Rabia Abrar

On Purpose London October 2017 Fellow, now a Project Lead at Hubbub, the social enterprise arm of Hubbub, an environmental charity.

Rabia Abrar

Rabia wanted to combat Climate Change. She wanted to combat Climate Change not just in her personal life but professionally:

Can you tell me about your background and your career prior to On Purpose?

Following my undergrad degree in International Business, I worked in Canada’s largest telecommunications company as a management trainee and a marketing specialist. I had a variety of roles in the operations division, each rooted in data analysis and a mix of strategy development and project management.

Prior to starting the On Purpose Associate Programme, I did the Climate KIC entrepreneurship summer school and a Master in Sustainable Urban Management in the Netherlands.

What are you doing now?

I am now a Project Lead at Hubbub Enterprise, the social enterprise arm of Hubbub, an environmental charity that creates playful campaigns to inspire people to make healthier, greener lifestyle choices. A core part of my role at Hubbub is designing and delivering employee engagement programs which promote greener behaviours.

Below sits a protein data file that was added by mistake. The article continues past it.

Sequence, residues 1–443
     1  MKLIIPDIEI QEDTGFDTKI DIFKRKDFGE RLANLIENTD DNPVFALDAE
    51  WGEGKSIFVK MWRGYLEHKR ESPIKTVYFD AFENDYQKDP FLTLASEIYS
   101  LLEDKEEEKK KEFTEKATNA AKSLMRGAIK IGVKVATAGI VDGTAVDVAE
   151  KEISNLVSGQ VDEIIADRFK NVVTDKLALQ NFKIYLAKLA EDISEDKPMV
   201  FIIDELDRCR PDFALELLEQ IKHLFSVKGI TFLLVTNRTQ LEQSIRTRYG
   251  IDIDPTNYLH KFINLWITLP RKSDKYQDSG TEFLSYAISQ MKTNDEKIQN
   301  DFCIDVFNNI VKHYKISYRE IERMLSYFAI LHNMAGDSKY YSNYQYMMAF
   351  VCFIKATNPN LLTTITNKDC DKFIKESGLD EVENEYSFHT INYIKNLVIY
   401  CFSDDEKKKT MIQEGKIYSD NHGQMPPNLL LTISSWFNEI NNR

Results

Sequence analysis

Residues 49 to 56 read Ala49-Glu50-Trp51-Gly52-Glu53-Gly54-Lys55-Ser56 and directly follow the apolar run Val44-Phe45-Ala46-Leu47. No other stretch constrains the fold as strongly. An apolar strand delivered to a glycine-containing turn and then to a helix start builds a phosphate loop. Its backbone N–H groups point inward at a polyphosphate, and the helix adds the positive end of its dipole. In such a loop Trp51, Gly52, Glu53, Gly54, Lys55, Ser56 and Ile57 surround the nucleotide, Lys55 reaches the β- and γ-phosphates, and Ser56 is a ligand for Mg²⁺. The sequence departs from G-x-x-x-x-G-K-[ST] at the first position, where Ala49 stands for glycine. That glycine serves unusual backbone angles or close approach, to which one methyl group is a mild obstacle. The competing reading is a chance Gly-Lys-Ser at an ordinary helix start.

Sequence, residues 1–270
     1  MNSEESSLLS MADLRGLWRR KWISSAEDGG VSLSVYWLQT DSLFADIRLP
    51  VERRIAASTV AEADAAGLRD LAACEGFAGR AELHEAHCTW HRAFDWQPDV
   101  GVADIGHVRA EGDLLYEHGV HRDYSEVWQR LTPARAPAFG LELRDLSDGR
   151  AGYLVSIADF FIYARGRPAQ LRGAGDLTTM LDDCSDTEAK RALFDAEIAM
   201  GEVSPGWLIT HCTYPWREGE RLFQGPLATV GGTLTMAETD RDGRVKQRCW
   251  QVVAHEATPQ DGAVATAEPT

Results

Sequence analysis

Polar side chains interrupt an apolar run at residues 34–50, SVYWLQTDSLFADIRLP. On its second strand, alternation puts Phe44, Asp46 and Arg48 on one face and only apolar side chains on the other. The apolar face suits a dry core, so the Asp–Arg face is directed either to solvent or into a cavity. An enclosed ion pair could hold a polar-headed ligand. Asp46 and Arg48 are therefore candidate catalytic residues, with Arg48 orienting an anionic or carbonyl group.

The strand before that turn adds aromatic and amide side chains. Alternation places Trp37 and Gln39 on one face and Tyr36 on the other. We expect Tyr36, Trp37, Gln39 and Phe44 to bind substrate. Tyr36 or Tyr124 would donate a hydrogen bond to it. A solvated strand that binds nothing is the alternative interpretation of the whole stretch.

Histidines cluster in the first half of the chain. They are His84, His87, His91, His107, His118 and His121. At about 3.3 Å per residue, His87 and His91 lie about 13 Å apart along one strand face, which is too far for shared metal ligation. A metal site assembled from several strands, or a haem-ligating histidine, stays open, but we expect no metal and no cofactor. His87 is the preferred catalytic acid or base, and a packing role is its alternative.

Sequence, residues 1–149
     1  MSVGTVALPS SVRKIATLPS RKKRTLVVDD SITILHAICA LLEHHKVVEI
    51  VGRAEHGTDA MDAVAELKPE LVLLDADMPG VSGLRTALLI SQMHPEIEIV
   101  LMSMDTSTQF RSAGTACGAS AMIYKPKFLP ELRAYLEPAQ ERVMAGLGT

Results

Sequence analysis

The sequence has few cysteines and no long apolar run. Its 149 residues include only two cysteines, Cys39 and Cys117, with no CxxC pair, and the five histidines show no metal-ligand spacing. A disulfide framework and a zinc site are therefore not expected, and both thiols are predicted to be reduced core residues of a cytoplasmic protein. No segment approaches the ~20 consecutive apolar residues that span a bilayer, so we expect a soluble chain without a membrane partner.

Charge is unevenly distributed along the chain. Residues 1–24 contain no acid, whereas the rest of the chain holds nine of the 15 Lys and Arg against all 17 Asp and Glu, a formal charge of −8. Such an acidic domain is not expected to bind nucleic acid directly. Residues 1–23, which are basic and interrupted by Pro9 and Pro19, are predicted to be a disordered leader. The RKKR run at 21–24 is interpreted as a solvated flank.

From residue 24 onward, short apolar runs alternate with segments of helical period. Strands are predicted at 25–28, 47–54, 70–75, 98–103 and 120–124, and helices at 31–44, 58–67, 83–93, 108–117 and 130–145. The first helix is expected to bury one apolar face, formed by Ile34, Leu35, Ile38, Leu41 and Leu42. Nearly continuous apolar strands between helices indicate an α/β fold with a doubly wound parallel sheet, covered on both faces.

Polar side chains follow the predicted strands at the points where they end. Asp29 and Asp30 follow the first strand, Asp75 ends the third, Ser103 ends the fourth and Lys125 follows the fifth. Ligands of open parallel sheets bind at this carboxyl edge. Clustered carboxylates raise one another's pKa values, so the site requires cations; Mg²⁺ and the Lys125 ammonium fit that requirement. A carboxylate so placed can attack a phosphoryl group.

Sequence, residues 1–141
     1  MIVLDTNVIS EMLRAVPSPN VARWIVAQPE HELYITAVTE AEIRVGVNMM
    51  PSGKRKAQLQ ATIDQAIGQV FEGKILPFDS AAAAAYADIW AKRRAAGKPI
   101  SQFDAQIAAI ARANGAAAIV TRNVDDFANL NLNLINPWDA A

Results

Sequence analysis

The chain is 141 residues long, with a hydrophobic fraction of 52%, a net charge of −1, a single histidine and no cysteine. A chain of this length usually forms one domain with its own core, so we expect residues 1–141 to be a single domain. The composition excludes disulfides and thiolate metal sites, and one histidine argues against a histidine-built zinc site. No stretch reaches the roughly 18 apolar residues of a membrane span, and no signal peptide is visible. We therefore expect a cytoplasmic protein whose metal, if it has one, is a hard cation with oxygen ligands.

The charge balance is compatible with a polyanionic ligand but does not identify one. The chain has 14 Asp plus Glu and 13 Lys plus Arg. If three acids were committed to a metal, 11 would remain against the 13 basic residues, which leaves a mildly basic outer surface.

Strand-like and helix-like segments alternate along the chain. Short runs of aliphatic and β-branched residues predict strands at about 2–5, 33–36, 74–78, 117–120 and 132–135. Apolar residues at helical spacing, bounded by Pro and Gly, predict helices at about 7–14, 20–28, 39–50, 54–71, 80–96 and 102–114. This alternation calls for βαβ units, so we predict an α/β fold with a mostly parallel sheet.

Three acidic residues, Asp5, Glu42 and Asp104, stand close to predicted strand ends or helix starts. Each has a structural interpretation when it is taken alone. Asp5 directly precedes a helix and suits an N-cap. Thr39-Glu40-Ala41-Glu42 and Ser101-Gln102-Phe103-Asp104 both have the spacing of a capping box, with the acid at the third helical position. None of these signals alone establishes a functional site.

This work feels important because people spend much of their time at work and can take green behaviours they learn at work into the rest of their lives.

How did you feel in your work before you decided to make a change?

I enjoyed my role as a marketing specialist — problem solving, testing solutions, measuring impact and sharing learnings. I felt satisfied making tangible improvements and achieving targets.